Frederick recently completed the Professional Specialization Certificate in Population Health Data Analysis and now works as a Project Analyst for First Nations Health Authority. We asked him a few questions about his experience completing the PHDA program.
How did you learn about the program and what motivated you to enroll?
I learned about the program from observing LinkedIn profiles of people working in health research, public health, and at health authorities. At the time, I only had some work experience somewhat related to health but no health degrees and was experiencing difficulty 'getting my foot in the door' without the latter. The University of Victoria and this program were not familiar to me aside from the LinkedIn exposure, since I was not familiar with the offerings on the West Coast.
Tell us about your course experience. What skills did you develop, and which courses provided the greatest benefit to you?
For online and greatly asynchronous courses, the course experiences were good, overall. The content, readings, and assignments/practice were very interesting. I look forward to referencing them and returning to them for refreshers. There are many optional resources I look forward to viewing.
However, it did feel like there was quite a lot of work in each course, from readings to forum posts to assignments. I was working full-time and was glad I only took one course at a time … since each semester was a lot of work!
I am happy I chose a diverse set of courses, which were on topics I am very interested in. One course focussed on GIS skills, another on administrative data analysis skills, another focussed on epidemiological quantitative data analysis, and yet another included health program evaluation skills. These courses and their lessons were very memorable. While some specifics with SAS or ArcGIS will need to be refreshed the next time I work with them, overall principles, some common procedures, and where to find helpful guides were retained.
It is difficult to say which course provided the greatest benefit. Unfortunately, although mapping and spatial analysis are interests of mine, they are not usually relevant or appropriate for the full-time work I do. The administrative data, epidemiological statistics, and evaluation courses were great introductions to those disciplines and methods.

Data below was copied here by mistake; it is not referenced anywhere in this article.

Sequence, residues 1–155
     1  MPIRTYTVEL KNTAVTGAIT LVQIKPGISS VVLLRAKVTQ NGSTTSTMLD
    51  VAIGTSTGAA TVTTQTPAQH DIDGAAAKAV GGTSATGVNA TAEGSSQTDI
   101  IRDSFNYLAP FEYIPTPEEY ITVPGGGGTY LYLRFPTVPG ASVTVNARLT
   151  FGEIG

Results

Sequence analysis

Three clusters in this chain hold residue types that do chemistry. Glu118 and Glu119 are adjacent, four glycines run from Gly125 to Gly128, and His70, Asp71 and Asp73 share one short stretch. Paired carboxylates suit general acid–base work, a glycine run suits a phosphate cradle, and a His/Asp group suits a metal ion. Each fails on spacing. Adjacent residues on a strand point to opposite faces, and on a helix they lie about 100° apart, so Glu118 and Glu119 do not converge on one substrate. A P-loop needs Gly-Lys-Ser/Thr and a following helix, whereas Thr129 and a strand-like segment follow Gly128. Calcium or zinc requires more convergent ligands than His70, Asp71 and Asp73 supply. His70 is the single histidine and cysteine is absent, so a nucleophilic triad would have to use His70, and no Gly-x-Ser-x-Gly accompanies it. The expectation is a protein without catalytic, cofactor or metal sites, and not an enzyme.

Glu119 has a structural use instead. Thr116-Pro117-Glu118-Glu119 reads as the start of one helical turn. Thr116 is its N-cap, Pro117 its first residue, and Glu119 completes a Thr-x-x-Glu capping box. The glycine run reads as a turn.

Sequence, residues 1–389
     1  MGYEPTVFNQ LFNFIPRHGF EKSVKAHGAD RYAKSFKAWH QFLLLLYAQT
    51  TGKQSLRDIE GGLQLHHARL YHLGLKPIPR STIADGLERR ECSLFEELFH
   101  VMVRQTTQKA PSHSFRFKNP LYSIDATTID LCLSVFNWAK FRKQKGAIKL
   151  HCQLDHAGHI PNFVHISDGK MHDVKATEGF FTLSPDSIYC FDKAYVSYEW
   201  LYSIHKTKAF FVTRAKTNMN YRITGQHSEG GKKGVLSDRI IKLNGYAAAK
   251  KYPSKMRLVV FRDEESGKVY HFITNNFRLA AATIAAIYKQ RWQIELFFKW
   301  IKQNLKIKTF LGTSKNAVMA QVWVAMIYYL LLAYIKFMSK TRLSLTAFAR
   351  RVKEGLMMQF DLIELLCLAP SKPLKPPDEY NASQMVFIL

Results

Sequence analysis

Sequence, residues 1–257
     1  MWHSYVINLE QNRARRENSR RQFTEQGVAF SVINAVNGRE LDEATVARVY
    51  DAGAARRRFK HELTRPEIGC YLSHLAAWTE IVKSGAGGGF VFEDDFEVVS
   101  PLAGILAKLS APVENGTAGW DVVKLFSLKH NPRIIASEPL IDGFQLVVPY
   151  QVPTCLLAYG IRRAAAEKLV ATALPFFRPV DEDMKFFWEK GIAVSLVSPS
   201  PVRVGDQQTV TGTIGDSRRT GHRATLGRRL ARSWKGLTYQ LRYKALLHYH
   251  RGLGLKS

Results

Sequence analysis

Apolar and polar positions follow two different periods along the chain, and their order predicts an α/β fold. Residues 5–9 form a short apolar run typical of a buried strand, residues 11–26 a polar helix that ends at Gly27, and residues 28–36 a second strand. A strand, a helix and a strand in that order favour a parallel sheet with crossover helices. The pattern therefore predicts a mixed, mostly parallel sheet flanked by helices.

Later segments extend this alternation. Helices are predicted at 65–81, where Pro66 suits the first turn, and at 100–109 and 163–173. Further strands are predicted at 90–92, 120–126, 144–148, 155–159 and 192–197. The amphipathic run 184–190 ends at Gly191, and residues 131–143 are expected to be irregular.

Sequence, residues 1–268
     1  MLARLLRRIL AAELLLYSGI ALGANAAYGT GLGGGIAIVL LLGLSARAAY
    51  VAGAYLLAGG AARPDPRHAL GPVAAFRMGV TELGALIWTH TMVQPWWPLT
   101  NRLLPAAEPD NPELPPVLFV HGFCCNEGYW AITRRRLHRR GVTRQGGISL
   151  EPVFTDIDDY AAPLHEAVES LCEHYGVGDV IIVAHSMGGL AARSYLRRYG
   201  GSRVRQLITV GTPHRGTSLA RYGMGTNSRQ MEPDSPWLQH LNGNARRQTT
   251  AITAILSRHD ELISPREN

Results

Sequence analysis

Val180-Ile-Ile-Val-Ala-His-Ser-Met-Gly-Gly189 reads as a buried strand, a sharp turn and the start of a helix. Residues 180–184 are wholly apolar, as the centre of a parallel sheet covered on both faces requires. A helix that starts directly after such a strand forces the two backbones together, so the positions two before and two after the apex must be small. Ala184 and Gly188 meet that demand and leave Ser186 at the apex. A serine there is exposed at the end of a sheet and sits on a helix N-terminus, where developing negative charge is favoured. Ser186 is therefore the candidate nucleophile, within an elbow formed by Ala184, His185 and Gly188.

How have you been able to (or how do you plan to) apply your new skills in your work/research?
For my personal research and projects, I would like to use all the new skills I learned during this certificate. For my current job role, the evaluation course reinforced work planning, stakeholder engagement planning, and reporting planning skills – their corresponding activities are prevalent at my job. The quantitative analysis and administrative data skills will be relevant to my professional and personal work.
What do you think were the strengths of this program? Please provide examples.
The strengths of the program are the course offerings (which are attractive at first glance), the instructors, the practical work/applications, and the support/information network of peers. The work with PopData BC data was very engaging and a privilege – I hope that continues to be offered – despite remote connections being a hassle sometimes.
The peer reviews were always very helpful and so were the activities/peer community in the course forums. I appreciated that one class only required a number of weekly posts for full participation grades. I personally found it daunting to participate through forum posts/responses, and usually dreaded writing mine addressing specific discussion questions.
Would you recommend this program to others? If so, what recommendations/suggestions would you give those interested in applying to this program?
I would completely recommend this program to others. I have already recommended it to a close colleague who asked about it.
I would also strongly recommend it to someone who wishes to transition into epidemiology or public health-related professions before they pursue graduate level studies. These courses may offer the training they need.
I would suggest that they take only one PHDA course and devote all their educational time to that one course (i.e., no other courses from elsewhere). I would also recommend they try to keep up as much as possible with the pace of the courses and to really consider the timing of various milestones in the courses – as the courses vary in intensity at different points. If their course involves remote connections to analysis software and PopData BC data, they should expect to spend a lot of time practicing and completing those assignments.
Any additional comments you would like to add?
This is an incredible certificate program. It can be labour intensive and sometimes grueling/exhausting, but everything feels earned. I am amazed at how much I have learned and applied in only four courses (all on different and almost exclusive topics). Prior to this certificate, I thought I would need to pursue a degree in health to make a career transition. I feel confident that I have the necessary skills or at least the foundations for these skills – and that pursuing another master's or a committing to a PhD are not the only ways to acquire such skills.
- Posted Aug. 24, 2021